I repurpose found and discarded objects, which take on a life of their own. It’s been therapeutic to make things into art and stay busy. We hunt and forage and gather, and we problem-solve: how do you bring a couch on a bicycle across town? I’m building things out of old dressers and beds. I started calling it aFORTable housing. Our buildings are made out of other people’s houses; I built my home out of stuff left over from evictions—objects I found on the sidewalk after people were kicked out of their homes or had to move on. My house is a museum of the effects of gentrification on this neighborhood.
On the other hand, of course I’m not suggesting that outdoor living is for everyone. We should continue to expand traditional, rooted housing options. But a lot of us prefer a curbside lifestyle—I’m somewhere in between.
We’re private people living publicly, so we have a responsibility to our neighborhood, and we have to be good neighbors. We integrate ourselves into the community that surrounds us, since we’re part of it and we’re visible. Our elders are the heart and soul of Wood Street—they’re old-school Oakland, largely Black, and they give advice to the youngsters and the lost. We all need that extended family. They’re the vanguards of their blocks, keeping an eye on things and building relationships with the businesses. This community gives meaning to senior citizen lives and the lives they touch.
More people like our elders, and more people who are unhoused, should be involved in the decision-making in this city. And the city should be aware that unhoused people aren’t participating because they have no access: no electricity, no wifi, no Zoom, no equipment.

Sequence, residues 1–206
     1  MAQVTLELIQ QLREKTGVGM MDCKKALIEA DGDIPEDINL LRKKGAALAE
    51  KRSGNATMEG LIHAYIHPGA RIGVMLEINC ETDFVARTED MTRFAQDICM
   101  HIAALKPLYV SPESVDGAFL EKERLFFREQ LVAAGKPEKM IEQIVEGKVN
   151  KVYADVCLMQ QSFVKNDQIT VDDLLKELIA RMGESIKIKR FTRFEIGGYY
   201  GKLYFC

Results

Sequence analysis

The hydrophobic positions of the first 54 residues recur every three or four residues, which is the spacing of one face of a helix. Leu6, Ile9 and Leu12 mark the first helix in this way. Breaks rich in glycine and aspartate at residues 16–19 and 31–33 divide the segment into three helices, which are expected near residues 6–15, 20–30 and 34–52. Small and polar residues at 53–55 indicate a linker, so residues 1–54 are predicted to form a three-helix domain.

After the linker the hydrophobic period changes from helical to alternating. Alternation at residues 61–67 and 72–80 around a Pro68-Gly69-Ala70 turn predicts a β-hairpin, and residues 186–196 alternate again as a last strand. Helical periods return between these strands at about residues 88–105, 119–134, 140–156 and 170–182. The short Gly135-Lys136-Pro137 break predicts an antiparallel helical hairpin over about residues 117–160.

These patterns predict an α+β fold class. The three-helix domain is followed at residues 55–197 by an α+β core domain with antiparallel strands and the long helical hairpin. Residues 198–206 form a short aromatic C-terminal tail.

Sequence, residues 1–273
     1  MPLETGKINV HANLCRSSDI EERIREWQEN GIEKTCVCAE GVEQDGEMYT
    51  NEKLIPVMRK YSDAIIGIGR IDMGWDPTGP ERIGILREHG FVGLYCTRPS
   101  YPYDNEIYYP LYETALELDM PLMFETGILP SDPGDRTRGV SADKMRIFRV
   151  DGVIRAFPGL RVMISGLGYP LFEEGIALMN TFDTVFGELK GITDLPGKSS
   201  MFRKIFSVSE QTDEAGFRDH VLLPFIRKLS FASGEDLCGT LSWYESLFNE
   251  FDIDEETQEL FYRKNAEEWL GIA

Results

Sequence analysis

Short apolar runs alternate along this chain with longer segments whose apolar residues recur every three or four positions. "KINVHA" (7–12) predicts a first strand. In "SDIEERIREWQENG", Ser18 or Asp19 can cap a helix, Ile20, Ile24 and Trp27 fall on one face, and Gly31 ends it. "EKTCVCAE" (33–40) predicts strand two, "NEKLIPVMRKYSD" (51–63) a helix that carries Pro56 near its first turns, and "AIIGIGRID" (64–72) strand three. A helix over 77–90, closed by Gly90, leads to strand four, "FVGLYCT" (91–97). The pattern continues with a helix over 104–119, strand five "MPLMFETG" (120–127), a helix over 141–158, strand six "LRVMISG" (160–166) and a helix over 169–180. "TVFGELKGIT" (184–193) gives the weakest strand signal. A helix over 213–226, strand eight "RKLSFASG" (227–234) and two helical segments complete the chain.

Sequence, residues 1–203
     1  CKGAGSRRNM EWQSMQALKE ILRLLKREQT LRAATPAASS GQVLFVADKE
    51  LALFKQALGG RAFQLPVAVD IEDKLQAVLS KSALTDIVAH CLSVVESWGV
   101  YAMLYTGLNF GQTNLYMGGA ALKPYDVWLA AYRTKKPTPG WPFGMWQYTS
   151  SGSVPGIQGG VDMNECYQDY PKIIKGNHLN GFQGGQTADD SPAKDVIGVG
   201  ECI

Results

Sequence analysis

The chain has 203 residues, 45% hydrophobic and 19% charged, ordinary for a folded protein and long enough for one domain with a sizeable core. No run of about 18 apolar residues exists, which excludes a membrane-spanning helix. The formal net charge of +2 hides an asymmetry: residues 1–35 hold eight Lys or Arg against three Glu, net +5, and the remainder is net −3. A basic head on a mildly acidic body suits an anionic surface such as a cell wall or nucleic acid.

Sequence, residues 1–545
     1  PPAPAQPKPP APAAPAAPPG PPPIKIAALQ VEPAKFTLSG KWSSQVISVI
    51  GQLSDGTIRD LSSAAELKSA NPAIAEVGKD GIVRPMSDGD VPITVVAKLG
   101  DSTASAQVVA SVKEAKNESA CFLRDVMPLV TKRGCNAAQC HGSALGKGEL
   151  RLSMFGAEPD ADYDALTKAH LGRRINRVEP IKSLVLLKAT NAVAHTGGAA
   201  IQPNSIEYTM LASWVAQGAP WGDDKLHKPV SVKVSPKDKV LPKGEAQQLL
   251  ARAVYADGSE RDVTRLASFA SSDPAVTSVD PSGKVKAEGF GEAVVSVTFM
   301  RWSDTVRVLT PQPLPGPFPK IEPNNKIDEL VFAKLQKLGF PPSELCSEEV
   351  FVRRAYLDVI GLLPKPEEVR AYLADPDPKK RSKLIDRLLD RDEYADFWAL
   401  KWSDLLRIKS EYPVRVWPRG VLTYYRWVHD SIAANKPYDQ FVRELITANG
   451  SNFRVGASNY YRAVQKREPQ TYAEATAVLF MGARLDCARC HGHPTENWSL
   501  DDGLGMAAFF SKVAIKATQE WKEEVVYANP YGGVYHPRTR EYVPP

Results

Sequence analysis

There’s an alchemy to community, and it isn’t just in housing people. You’ve got to come together. Here, people who initially couldn’t stand each other are forming compounds, starting businesses, and planting gardens.
But we also need to start thinking about what to do about violence. I’ve had my teeth kicked out, and there are fires started all the time. I hear gunshots in the background. My trailer was stolen by someone down the block. Meanwhile developers want to develop everything.
Yes, there are big problems in the camps, but if we are able to perfect curbing, it will no longer look or feel like “homelessness.” It will be curbside living. Now picture a big celebration, say a West-O Fest-O, focused on housing and West Oakland culture. There’s a section where we have tiny houses. Over here, there’s a clutch of artists, housed and unhoused, making their mini-mall, and over there someone will tinker with your car. Maybe you’ll try some of our curbside cuisine. It’s all local business. What if a person who’s resorted to doing smash-and-grabs to make ends meet is given the support to start a business serving curbside communities, servicing RVs or delivering food? What if we could live and work parked at the curb, like restaurants have during the pandemic?
People have been living outdoors since The Depression; there’s just more of us now. There is struggle, but for me this is also so exciting, if people would just see there is greater possibility, and that after the storm, fresh things grow out of the cracks in the sidewalk.
As told to Natalie Orenstein.